B3.4 Repository can provide evidence of the effectiveness of its preservation planning.
The repository should be able to demonstrate the continued preservation, including understandability, of its holdings over a number of years, given the age of the repository and its holdings.
This could be evaluated at a number of degrees and depends on the specificity of the designated community(ies). If a designated community is fairly broad, an auditor could represent the test subject in the evaluation. More specific designated communities could require significant efforts. If judgment must be exercised as to whether adequate efforts have been made, it must be justified in detail.
Evidence: Collection of appropriate preservation metadata; proof of usability of randomly selected digital objects held within the system; demonstrable track record for retaining usable digital objects over time.
There are a couple of different stories we might tell related to this TRAC requirement.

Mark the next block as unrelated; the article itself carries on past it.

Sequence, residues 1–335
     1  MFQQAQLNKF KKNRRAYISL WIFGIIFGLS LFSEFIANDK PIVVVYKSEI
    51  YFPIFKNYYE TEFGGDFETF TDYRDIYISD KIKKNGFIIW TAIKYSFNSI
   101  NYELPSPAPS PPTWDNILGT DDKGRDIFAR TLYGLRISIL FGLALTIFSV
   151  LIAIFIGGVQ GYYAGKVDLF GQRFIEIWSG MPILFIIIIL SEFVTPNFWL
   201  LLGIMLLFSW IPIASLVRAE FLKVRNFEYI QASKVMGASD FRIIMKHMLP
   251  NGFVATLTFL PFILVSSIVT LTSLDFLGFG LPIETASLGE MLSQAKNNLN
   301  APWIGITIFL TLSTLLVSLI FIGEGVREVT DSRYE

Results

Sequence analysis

One would be the "proof is in the pudding" story where we might assert that, of course, ICPSR has effective preservation planning: We still preserve and distribute content that we originally collected decades ago. In fact, if you spend enough time wandering around the less traveled portions of our collections, you'll likely find content which is very old, but which is still reasonably useful. (It might be lacking formats for the modern stats packages, and possibly even setups, but there will always be documentation.) This speaks to the "track record" reference above.
Another possible answer is to point to the regular audits we perform each week where we check the digital signature of each item on disk to the signature in a database. This allows us to spot problems quickly, and that is a really important factor in allowing us to do a good job in managing problems. This doesn't really prove usability per se, but it does demonstrate that the content (plain text data and its documentation) has not become corrupted.
And yet another possible answer is to address the collection of appropriate preservation metadata. Each item (file) has a unique ID (reference); a digital signature (fixity); co-location with its related content (context); and, a MIME type (representation). And for all of our newer content post-dating the deposit system, we have very good provenance information. (Older stuff is more of a mixed bag of good provenance information, especially prior to the 1990's.)